Las Vegas • There were jumpers and layups, and there were floaters and free throws, the supply of them endless until the final buzzer signaled the end. In a cramped Las Vegas gym, it was T.J. Haws doing something he so often has done slicing through a defense.
When it was done, Haws had worn down Modesto Christian (Calif.). In yet another tight game for a team that in the recent past hasn't often played in tight games, the BYU-bound senior brought home a 70-54 win on the first day of the Tarkanian Classic.
"He's a guy who when things aren't going great, he can make a play," Knights coach Quincy Lewis said.
The game was close until the final minutes. The Knights had trouble adjusting to the Crusaders' athleticism and physicality. They trailed by one at the half.
But the Knights came out in the second half with renewed energy. They outmuscled the Crusaders, rebounding and pushing the ball up the court. And they got the ball in Haws' hands, where often its next destination was the bottom of the net.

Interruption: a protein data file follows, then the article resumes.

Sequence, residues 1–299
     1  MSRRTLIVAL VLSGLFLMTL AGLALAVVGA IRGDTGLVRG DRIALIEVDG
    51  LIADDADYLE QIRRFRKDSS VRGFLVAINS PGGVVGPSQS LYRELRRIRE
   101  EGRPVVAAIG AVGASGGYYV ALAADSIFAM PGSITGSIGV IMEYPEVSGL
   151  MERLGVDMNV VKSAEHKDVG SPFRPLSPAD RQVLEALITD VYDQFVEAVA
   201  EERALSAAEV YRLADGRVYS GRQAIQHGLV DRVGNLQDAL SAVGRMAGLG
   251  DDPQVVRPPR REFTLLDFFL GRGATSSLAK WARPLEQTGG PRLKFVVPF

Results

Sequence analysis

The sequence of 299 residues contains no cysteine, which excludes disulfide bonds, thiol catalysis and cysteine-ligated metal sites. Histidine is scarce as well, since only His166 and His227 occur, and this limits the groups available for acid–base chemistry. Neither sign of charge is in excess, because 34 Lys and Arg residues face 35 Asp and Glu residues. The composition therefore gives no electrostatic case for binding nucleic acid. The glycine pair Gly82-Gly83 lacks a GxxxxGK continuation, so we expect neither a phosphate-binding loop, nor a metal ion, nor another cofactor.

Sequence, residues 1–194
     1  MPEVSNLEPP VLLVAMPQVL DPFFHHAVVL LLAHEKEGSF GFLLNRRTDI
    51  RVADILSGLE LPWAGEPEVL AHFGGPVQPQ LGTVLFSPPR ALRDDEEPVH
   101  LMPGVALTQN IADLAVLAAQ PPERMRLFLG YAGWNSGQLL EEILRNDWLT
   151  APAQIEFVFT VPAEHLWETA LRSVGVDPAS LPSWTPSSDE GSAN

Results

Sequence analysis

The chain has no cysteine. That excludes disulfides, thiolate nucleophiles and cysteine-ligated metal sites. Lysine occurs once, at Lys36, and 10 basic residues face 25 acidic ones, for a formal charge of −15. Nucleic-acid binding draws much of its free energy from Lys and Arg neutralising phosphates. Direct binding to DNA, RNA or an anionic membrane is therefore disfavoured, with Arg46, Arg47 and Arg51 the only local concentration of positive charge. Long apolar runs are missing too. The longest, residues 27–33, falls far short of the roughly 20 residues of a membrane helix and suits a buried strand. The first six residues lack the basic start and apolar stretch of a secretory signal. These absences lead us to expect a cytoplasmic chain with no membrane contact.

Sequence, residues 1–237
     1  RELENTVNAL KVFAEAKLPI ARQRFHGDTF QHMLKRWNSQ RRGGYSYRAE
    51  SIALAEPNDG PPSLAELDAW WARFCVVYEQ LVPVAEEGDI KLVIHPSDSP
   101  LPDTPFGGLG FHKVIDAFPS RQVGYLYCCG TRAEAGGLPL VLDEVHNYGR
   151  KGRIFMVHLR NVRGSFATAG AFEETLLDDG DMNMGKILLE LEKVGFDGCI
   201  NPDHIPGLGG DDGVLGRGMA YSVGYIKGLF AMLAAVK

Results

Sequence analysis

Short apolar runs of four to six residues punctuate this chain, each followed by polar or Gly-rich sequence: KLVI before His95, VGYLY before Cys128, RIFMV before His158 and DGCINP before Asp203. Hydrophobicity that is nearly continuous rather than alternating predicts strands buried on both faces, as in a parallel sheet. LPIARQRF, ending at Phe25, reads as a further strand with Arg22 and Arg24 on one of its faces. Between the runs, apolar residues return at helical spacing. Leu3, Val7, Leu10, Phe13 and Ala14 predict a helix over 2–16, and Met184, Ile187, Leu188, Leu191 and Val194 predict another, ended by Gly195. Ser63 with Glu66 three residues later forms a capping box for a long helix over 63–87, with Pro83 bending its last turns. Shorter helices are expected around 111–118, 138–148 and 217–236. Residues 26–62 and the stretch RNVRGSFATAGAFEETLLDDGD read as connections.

"We had to get rebounds and we had to play smart," said Haws, who finished with 31 points. "Those were our two adjustments at halftime, and I think we did it."
Haws demurred when asked about his role in the Knights controlling the second half. Standing in a soft rain outside the gym just minutes after the game, he pushed the conversation away from himself, to the rest of the team.
"Eventually we just wore them down by running the floor and things like that," he said. "We got the lead and kept pushing them."
The Knights did little celebrating after the game. They shuffled quickly out of the gym, into a cool Las Vegas evening and back to their hotel, where they'd begin preparation for the following day.
Because all the superlative performance from Haws and the win had earned them was a matchup with another talented team, another obstacle they'd have to climb.
Which of course was fine, because that, after all, was why they'd had come.
"I'll tell you what. This is so good for us," Lewis said. "We are playing tough, big-league competition here. It's coming down to those last three or four minutes, where you have to execute. That can do nothing but good for us."